Carrie Shumaker, Chief Information and Strategy Officer, University of Michigan - Dearborn: Expressing gratitude is an integral part of a healthy culture. I think it starts with a leader maintaining healthy personal humility and respect and empathy for their staff, so that gratitude is coming from a genuine place. Thank-yous should be prompt, specific, and connect the accomplishment to its impact on our mission of educating students. Thanking a team for finishing a project, as in: “Your team successfully implemented this project, which I really appreciate” is more powerful when it adds, “The new UI will help our students better determine what classes they still need to take in order to graduate.” It’s helpful to give customer feedback as well, such as “I talked with an adviser who says this will really help her more accurately advise students.”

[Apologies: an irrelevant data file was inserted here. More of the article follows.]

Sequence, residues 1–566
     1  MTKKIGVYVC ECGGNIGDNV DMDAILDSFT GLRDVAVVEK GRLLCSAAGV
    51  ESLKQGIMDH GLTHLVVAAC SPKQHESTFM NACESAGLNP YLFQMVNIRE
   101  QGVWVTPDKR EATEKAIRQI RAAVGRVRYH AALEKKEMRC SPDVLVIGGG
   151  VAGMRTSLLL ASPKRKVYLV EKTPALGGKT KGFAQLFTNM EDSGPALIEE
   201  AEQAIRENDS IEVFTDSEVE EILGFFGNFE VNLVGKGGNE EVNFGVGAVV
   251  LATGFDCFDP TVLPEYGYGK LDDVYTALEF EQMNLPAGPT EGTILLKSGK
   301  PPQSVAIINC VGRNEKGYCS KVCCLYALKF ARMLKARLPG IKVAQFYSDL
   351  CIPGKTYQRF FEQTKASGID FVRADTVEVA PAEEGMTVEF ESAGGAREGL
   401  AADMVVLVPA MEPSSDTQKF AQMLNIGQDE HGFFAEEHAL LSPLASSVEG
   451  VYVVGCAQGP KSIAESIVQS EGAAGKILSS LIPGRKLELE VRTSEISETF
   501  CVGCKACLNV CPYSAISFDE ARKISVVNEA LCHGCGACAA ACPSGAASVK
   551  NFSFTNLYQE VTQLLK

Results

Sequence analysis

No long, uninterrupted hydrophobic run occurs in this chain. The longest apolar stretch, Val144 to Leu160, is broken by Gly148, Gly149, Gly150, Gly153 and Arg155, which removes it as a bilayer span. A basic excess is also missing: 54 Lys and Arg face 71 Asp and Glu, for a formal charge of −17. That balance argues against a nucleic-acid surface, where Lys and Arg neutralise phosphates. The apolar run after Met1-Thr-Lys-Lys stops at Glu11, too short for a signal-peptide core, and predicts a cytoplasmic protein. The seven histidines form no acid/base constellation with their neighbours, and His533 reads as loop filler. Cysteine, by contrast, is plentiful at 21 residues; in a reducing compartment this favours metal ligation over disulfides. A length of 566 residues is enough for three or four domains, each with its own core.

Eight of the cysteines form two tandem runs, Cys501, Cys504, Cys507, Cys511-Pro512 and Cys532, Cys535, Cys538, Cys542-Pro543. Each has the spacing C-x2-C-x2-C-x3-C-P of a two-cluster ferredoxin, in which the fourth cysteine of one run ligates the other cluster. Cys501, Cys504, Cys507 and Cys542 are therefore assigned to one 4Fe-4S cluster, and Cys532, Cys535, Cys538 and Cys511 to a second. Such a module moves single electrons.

IT teams always see a steady stream of problem tickets, so hearing how their work is impacting students and faculty, and/or hearing verbatim feedback from delighted users, can be very encouraging. In addition to thanking employees individually, department emails and all-staff meetings and parties should all include recognition and gratitude for recent accomplishments, and a little free food and swag never hurts, either.
Recognize people who are brilliant at the basics, not only those who go above and beyond
Jason Joseph, CDO & CIO, Corewell Health (formerly Beaumont Health and Spectrum Health): Treat people with respect, gratitude, and empowerment, and they will feel appreciated. My executive team meetings start out by discussing team members who went above and beyond. This does not always have to be extraordinary and is often about recognizing those who are “brilliant at the basics.” I make a point of sending a personal thank you message to the named individuals, and I include their managers. Sometimes team members are surprised to get a thank you note, but they always appreciate being recognized. To a great extent, appreciation is about feeling you belong. That sense of belonging contributes to our culture at Corewell Health.”